First Thing, Daily Maverick's flagship newsletter

Join the 230 000 South Africans who read First Thing newsletter.

We'd like our readers to start paying for Daily Maverick

More specifically, we'd like those who can afford to pay to start paying. What it comes down to is whether or not you value Daily Maverick. Think of us in terms of your daily cappuccino from your favourite coffee shop. It costs around R35. That’s R1,050 per month on frothy milk. Don’t get us wrong, we’re almost exclusively fuelled by coffee. BUT maybe R200 of that R1,050 could go to the journalism that’s fighting for the country?

We don’t dictate how much we’d like our readers to contribute. After all, how much you value our work is subjective (and frankly, every amount helps). At R200, you get it back in Uber Eats and ride vouchers every month, but that’s just a suggestion. A little less than a week’s worth of cappuccinos.

We can't survive on hope and our own determination. Our country is going to be considerably worse off if we don’t have a strong, sustainable news media. If you’re rejigging your budgets, and it comes to choosing between frothy milk and Daily Maverick, we hope you might reconsider that cappuccino.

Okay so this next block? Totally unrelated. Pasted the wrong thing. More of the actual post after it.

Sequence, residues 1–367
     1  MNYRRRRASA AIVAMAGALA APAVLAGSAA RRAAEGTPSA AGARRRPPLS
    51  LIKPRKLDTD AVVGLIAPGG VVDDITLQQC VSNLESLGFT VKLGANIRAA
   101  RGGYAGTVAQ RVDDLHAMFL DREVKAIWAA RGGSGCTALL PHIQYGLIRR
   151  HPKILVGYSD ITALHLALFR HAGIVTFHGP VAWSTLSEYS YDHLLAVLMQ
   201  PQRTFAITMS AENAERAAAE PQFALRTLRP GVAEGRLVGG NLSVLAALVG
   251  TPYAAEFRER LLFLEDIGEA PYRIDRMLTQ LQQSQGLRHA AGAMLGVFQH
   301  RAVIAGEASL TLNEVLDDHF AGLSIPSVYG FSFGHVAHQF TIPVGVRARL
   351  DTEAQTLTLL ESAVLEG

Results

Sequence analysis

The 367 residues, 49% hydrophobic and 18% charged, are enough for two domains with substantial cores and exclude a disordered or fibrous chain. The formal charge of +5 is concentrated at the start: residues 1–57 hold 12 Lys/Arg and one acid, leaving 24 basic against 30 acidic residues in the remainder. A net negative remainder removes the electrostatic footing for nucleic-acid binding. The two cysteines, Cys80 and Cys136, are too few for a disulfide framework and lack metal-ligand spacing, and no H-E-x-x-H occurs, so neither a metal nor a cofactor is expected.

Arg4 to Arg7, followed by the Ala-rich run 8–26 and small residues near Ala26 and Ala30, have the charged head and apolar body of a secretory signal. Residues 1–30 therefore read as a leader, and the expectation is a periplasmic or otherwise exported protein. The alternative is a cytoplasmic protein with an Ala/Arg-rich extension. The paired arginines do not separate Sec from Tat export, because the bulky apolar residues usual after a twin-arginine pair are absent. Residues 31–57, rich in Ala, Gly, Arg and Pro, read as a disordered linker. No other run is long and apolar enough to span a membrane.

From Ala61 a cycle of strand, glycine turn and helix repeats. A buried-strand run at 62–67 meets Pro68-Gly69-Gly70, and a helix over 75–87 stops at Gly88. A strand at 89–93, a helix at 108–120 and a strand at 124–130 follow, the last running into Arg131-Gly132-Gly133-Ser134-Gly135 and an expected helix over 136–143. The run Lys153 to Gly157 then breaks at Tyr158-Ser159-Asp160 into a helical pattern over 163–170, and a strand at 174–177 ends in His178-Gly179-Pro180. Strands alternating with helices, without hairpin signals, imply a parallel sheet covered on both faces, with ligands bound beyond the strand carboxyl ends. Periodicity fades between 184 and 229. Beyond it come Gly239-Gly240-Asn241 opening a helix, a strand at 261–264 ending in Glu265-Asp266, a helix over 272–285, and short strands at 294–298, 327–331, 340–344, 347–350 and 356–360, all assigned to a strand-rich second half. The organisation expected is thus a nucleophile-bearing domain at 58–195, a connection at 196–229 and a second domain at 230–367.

We need your help. And we’re not ashamed to ask for it.

Our mission is to Defend Truth. Join Maverick Insider.

Support Daily Maverick→
Payment options

Ethiopians parcel out land to foreigners

Defend Truth

Ethiopians parcel out land to foreigners

Sudan is doing it, and so is Madagascar. The Democratic Republic of Congo has done it, and Zambia and Nigeria too. Even Mozambique has done it, and now Ethiopia is going to do it, by offering 3 million hectares of land over the next two years for investors to develop large-scale commercial farms. Countries such as South Korea, China, India and Saudi Arabia have lined up to buy farmland abroad to grow crops for their own folk, enhancing food security. Africa’s poor are concerned that their land will be used to produce a variety of crops, from coffee to cotton, sugar cane to tea, and palm oil to flowers - and fear that they won’t get any benefit. Read more: Reuters, IPS

Gallery

Please peer review 3 community comments before your comment can be posted